I would, actually, consider bringing up BOTH…move Nicasio back to the pen send Locke to the DL.

            • The Super 2 deadline is in early June. What might have passed is the ability to control the final year, albeit at a Super Two arb salary. I’m not sure about that but right about now is when the Cubs brought up Bryant.

              • Yes, that deadline passed about a week ago, so any player the Pirates called up now, they would have for this year and six additional years. Super 2 is usually late May, so teams wait about an extra ten days just to be sure. I usually just go with June 10th because it’s always right around there when the big prospects start coming up.

                • John,
                  I don’t know if you were maxed out on the eyes but do you think Kuhl would give the MLB club a better chance to win right now than Locke?
                  The umpires are not giving Locke the corners and many weakly hit balls found there way through but Locke doesn’t look competitive or confident.

                  • I didn’t watch the Pirates last night, I was actually working on this article at the time and just following along on Twitter. When I was done, there was no point turning it on. I also didn’t see his last start because I was watching one of the pitchers listed above. So honestly, I don’t have any opinion of what he is doing wrong.

                    I think you can get similar or better results from any of Indy’s starters, but the Pirates probably don’t want to sacrifice development just to get similar results from someone else. I think Vogelsong would replace him before anyone else.

        • Perhaps John can confirm or deny – but I don’t think Glasnow – or any minor league pitcher calls his pitches – if Glasnow does not use his change it isn’t his choice. I also don’t think pitchers can magically decide “I will now throw a great change up” or any pitch – or that they can get great by hard work alone – some guys can throw 5 pitches well – others one. The difference is not “want to”

          • This was said elsewhere, but while it is the catcher calling the game there is a clear plan in place that the pitcher is aware of.

            So you go from

            “okay, lets try to involve the change as best as the flow of the game allows” to

            “okay, we want you using the change more. Even if its not when you normally would use it” (which i think is where they are now)

            And lastly, to the team literally forcing him to throw X number of change ups per game and demanding it. No team wants to get to that last scenario, and only does if the pitcher and catcher dont execute the strategies prior.

            Tyler Glasnow knows really well the team wants him throwing more change ups.

            • Not trying to be argumentative, but I don’t recall hearing/seeing anything from the Pirates on this – did I miss something?

              • the Pirates on what? Wanting him to work on his change up?

                “Explosive breaking ball at times, inconsistent at others. Nearly a complete lack of use of the changeup.” Huntington went on to add that the organization may mandate a certain number of changeups to be thrown in each outing. “I don’t want to say force just yet, but in a few more starts, it might be mandated, absolutely,” he said.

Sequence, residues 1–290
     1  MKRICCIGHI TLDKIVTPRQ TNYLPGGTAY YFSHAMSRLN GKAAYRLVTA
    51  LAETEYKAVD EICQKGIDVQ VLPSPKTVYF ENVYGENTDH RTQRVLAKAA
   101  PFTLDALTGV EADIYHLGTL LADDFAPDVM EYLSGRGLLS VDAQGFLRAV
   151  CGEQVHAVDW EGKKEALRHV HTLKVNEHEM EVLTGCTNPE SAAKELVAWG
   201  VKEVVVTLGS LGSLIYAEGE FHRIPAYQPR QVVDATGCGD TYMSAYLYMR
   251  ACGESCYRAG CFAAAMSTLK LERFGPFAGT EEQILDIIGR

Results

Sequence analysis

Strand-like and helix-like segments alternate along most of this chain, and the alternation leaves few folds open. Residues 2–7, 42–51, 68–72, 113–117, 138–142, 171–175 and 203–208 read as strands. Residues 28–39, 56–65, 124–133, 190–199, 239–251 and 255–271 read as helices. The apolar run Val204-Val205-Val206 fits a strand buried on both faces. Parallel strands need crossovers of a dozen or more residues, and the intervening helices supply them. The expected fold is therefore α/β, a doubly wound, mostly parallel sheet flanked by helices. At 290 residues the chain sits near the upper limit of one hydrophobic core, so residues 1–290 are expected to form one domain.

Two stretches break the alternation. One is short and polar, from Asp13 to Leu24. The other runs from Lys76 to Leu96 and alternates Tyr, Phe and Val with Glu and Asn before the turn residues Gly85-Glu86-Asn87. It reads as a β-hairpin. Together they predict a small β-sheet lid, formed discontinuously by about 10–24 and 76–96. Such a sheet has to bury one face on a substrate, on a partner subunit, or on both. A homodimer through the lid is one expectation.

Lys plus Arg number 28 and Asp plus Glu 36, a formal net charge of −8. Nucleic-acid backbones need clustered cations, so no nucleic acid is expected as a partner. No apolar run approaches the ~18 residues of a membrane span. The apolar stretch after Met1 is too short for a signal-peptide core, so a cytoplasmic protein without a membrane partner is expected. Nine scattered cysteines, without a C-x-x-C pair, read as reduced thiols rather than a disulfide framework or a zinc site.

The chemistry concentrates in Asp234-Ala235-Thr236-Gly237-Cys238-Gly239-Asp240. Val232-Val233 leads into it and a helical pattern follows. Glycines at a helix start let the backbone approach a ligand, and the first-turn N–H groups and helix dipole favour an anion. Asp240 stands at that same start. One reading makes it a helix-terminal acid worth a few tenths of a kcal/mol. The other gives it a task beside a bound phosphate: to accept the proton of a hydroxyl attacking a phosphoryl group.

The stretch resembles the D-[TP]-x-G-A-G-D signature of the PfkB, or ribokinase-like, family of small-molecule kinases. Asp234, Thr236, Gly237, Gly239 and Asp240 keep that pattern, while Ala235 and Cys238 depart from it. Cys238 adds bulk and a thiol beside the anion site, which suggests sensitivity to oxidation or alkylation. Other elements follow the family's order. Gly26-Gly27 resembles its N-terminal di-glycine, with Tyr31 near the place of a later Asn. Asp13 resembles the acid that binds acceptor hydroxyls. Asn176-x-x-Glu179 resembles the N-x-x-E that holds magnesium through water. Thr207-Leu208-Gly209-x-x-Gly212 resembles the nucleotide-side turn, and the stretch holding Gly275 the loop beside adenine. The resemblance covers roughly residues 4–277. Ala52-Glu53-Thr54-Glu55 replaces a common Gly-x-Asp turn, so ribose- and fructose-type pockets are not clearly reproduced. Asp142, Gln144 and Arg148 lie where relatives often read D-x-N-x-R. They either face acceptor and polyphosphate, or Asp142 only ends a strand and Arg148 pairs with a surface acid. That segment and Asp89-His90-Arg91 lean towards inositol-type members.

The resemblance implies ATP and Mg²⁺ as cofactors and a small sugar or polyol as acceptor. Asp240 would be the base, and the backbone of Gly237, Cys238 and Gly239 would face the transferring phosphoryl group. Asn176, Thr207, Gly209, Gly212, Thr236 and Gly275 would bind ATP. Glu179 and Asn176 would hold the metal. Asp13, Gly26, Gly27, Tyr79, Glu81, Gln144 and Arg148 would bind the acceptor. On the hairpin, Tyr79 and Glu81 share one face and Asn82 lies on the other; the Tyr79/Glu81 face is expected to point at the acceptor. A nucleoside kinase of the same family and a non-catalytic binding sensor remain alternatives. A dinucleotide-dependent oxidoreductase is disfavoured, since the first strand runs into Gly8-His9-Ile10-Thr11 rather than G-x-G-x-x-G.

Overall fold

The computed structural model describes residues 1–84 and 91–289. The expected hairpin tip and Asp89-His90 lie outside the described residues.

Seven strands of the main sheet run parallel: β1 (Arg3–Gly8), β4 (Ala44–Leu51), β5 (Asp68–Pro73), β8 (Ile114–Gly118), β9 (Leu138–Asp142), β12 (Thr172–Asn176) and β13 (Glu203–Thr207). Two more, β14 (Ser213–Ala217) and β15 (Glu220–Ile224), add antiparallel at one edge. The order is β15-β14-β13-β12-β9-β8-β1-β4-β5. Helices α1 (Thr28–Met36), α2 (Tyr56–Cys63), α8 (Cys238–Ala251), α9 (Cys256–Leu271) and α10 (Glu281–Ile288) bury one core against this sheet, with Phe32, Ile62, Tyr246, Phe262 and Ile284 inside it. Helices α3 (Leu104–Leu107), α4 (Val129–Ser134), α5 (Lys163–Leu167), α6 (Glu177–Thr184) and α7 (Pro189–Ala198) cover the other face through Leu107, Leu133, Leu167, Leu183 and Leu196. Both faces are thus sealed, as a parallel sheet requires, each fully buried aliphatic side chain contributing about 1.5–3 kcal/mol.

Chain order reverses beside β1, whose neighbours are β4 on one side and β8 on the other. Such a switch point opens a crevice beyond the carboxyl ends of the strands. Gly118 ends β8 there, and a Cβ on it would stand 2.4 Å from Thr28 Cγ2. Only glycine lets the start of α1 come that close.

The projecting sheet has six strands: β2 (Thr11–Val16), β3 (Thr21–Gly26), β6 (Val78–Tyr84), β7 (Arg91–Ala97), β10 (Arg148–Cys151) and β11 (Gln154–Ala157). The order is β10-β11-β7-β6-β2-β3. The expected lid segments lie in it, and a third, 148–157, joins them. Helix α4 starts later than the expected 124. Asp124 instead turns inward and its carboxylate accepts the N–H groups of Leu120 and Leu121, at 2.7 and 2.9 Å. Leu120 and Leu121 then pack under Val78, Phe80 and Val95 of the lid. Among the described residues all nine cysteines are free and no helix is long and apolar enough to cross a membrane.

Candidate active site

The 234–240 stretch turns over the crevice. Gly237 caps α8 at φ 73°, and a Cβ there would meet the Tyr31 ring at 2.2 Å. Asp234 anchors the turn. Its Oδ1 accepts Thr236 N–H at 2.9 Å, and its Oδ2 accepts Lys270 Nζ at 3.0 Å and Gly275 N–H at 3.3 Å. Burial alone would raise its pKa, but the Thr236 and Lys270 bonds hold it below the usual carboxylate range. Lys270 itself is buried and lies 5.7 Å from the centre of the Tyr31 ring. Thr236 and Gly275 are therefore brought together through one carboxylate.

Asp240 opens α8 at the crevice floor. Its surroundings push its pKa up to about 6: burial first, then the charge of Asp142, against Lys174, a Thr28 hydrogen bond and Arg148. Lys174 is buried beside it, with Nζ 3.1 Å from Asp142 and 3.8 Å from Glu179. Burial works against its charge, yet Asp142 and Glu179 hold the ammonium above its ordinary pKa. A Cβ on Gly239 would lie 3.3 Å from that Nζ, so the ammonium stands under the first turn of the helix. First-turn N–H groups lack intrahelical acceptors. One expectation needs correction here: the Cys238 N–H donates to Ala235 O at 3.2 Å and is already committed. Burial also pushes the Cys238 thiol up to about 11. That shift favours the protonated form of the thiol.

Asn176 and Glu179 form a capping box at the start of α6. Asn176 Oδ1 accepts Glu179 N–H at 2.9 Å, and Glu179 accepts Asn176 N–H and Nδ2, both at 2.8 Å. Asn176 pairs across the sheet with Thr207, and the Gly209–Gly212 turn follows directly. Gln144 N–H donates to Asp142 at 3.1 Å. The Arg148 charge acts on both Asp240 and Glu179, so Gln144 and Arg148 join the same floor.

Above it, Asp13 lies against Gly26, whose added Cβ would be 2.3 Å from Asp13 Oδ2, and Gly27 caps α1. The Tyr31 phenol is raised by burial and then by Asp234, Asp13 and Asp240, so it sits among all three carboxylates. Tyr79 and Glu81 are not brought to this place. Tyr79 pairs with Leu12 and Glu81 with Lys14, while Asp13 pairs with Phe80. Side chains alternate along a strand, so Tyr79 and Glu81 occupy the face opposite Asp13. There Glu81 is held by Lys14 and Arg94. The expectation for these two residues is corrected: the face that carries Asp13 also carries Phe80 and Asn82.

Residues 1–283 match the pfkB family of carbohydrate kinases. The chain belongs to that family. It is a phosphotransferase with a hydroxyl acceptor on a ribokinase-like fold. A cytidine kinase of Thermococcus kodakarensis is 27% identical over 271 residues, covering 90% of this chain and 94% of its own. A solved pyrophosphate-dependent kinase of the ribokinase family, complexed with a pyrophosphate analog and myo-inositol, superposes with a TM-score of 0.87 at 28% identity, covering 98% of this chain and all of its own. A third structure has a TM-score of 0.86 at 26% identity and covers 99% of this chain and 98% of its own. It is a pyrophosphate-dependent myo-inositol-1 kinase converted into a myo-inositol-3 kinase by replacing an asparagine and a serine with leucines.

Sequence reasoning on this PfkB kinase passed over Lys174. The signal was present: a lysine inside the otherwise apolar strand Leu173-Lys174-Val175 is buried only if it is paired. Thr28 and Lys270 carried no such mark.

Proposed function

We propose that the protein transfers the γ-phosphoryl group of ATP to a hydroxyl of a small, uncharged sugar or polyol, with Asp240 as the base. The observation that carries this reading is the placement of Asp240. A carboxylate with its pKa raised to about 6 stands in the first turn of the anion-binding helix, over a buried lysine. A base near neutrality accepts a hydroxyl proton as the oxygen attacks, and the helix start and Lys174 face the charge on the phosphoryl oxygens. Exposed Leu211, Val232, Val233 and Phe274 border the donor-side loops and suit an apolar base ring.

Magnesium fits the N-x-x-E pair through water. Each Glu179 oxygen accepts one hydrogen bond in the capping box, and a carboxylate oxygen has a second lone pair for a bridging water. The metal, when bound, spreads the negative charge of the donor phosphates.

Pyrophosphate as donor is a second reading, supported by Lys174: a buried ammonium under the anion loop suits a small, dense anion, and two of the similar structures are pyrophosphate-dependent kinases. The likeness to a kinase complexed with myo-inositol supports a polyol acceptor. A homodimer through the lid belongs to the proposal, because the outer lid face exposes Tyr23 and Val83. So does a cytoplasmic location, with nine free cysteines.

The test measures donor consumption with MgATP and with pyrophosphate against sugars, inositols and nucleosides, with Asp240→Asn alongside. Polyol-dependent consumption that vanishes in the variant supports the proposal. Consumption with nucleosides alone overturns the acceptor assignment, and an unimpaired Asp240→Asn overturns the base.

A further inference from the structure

And you dont get to mandating it until after failing to do it on your own. The Pirates have said they want him, like any young arm, to develop his change up. And now they are saying “he isnt using it, we are close to mandating it.”

                Tyler doesnt seem to be doing this enough on his own, to the point the GM actually specifically said he was unhappy with the lack of usage.

          • They are told certain things, but they can also shake off pitches. I know he may not have a choice soon about throwing the change-up, but they aren’t forcing him to throw it yet. I’ll be watching tonight to see if that changes, no pun intended

  • Our pitching with the big club could sure use some help

    • Just put Locke on an extended vacation. I can’t watch him pitch.

      • We do not really want to win major league games this year it does not seem. There was ALL this talk about pitchers only having to go 5 innings and that there would be this depth in the bullpen with guys who can go multiple innings…yet our management team did not actually provide us with much talent in middle/long relief. This would be fine if Blanton were here…instead we have Lobstein and had Luebke. I’m sorry…I know we are a “small market team” but give me JA Happ, Joe Blanton, and Antonio Bastardo back.

        Yes, those three players would not have stopped Locke from sucking or Liriano from forgetting how to throw strikes or kept Caminero from being god awful…but they would have actually given us TALENT that is not currently on the roster. We should have traded Morse if we were going to cut him anyways…got a turd in return and used the money to bring back a pitcher who can actually get major league hitters out.

        • It’s a valid point. If they weren’t going to get a legitimate number 3 starter they could have spent another 4-6 million on bullpen at least. And yes I realize they are already spending way more than their historical norm but they need to be with this shit rotation.

          • The point is that the offseason did not make a ton of sense and, now, the results are showing that. Why was Morse even on this team after the Rogers trade? He had no spot when they clearly were going after Jaso. Even if that saves you enough to bring back Bastardo that is a huge improvement to the ‘pen right now.

        • The chorus has been, “Locke has historically been a good first half pitcher.” Well, that no longer looks to be the case. The new mechanics were supposed to mean more strikes, but he’s still nibbling and not attacking.